In another implementation, a computer-implemented method assembles a plurality of nodes to form a query message to present to a data store to selectively identify a portion of a plurality of documents for which the data store maintains an associated document identifier and associated descriptive information for each of the plurality of documents. At least one conditional node is presented including a restriction operable to selectively identify documents according to the information maintained by the data store and a node type indicating how the restriction is to be applied to the information to specify a condition a document must satisfy to be selectively identified by the query. In addition, a document identifier node is presented that includes a plurality of document identifier restriction, a document identifier node type, and a document identifier count specifying a number of document identifier restrictions included in the document identifier node. Each of the nodes may include a weight indicating an importance of the node relative to other nodes included in the query message. The query message may be a variable length message. The document identifier restrictions may be ordered to present them in an order in which the document identifiers in the data store are ordered.
These and other features and advantages will be apparent from reading the following detailed description and reviewing the associated drawings. It is to be understood that both the foregoing general description and the following detailed description are explanatory only and are not restrictive. Among other things, the various embodiments described herein may be embodied as methods, devices, or a combination thereof. Likewise, the various embodiments may take the form of an entirely hardware embodiment, an entirely software embodiment or an embodiment combining software and hardware aspects. The disclosure herein is, therefore, not to be taken in a limiting sense.
In the drawings, like numerals represent like elements. In addition, the first digit in three-digit reference numerals and the first two-digits in four-digit reference numerals refer to the figure in which the referenced element first appears.
This detailed description describes implementations of processing queries using subqueries and lists or batches of document identifiers to reduce processing demands and network traffic between multiple data stores used in processing the queries, as well as implementations of forming query messages to include document identifiers.
Illustrative Operating Environment
Implementations of batching document identifiers to trim query results may be supported by a number of computing devices communicating over a network.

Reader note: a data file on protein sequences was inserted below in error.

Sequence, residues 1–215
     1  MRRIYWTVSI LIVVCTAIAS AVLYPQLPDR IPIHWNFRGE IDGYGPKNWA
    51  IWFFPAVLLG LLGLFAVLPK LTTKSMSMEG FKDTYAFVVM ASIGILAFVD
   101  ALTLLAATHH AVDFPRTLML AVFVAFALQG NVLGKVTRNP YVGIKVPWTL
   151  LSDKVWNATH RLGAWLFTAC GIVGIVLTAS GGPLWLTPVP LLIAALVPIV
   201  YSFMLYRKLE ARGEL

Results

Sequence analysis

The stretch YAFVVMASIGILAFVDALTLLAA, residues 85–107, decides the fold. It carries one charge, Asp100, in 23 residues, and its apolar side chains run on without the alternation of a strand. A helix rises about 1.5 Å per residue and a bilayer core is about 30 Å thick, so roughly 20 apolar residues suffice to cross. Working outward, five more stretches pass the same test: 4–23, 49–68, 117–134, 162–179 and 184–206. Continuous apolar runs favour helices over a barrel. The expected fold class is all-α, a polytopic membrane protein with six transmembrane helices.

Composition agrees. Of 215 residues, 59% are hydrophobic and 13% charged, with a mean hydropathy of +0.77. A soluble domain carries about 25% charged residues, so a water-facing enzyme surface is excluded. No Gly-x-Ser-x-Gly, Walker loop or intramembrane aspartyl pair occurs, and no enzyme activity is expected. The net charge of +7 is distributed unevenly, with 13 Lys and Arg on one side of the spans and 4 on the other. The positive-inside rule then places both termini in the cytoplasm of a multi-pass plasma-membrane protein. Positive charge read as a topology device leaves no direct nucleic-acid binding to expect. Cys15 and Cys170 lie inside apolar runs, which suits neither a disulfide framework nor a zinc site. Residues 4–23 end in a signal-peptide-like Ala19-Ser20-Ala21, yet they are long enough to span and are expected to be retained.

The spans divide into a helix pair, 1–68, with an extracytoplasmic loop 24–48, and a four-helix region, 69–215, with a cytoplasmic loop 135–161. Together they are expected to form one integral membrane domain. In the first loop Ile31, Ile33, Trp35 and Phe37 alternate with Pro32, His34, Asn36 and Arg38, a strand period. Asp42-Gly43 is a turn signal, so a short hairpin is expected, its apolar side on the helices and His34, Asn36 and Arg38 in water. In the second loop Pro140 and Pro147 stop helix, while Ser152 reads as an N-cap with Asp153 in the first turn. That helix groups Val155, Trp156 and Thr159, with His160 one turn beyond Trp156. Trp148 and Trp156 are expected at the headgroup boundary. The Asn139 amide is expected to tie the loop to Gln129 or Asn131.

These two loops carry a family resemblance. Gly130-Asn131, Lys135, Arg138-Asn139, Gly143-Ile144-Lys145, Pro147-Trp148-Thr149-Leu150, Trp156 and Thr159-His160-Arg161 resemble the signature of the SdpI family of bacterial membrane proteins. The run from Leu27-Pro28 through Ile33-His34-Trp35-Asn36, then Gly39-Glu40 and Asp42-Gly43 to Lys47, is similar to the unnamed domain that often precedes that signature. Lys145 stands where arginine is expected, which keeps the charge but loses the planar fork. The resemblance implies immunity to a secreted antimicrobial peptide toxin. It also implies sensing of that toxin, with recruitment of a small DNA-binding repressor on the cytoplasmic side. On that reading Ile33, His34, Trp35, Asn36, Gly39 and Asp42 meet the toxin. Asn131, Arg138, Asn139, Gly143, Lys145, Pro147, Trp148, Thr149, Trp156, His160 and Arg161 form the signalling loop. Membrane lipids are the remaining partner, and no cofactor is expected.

Computing device 110 may also have additional features or functionality. For example, computing device 110 may also include additional data storage devices (removable and/or non-removable) such as, for example, magnetic disks, optical disks, or tape. Such additional storage is illustrated in
Computing device 110 also contains communication connection(s) 180 that allow the device to communicate with other computing devices 190, such as over a network or a wireless network. Communication connection(s) 180 is an example of communication media. Communication media typically embodies computer readable instructions, data structures, program modules or other data in a modulated data signal such as a carrier wave or other transport mechanism and includes any information delivery media. The term “modulated data signal” may include a signal that has one or more of its characteristics set or changed in such a manner as to encode information in the signal. By way of example, and not limitation, communication media may include wired media such as a wired network or direct-wired connection, and wireless media such as acoustic, RF, infrared and other wireless media. The term computer readable media as used herein includes both storage media and communication media.
Processing Queries by Batching Document Identifiers
In some document server arrangements, a document properties store and an inverted index store may be maintained on the same server or clustered group of servers. However, in a system where many documents are to be tracked, maintaining both the inverted index store and the document properties store on a single system may be undesirable or impractical. For example, there may be efficiencies to be gained by maintaining an SQL database to maintain the document properties store on one server while dedicating another server to supporting an inverted index store. Specifically, in an implementation of Microsoft® Office 2007, offered by Microsoft Corporation of Redmond, Wash., using a server configuration having a separate document properties store and a separate index store is considered desirable to facilitate document retrieval for large numbers of documents.